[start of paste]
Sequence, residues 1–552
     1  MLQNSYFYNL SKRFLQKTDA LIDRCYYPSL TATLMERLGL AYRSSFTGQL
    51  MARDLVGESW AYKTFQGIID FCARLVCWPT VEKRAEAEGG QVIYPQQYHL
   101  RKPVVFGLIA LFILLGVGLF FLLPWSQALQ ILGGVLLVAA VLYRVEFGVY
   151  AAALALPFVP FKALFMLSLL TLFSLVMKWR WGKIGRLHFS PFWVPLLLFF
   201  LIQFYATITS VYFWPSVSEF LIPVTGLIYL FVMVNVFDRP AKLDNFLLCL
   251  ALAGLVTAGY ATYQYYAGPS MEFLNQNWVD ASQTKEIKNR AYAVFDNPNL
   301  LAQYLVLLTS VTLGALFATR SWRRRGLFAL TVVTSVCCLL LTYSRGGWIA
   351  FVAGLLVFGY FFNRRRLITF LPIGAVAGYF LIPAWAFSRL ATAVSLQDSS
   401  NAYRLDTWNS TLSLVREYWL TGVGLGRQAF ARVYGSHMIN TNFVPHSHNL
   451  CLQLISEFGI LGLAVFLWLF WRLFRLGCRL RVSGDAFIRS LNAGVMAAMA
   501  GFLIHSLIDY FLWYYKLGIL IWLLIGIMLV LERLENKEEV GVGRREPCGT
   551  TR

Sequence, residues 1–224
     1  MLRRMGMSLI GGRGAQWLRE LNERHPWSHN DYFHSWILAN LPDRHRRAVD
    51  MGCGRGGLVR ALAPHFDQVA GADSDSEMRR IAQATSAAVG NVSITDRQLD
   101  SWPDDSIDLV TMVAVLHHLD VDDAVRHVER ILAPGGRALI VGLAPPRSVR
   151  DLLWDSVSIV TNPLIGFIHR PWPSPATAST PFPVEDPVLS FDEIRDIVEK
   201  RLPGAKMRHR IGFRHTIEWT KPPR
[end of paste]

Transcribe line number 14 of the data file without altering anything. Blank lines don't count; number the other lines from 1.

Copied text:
Sequence, residues 1–224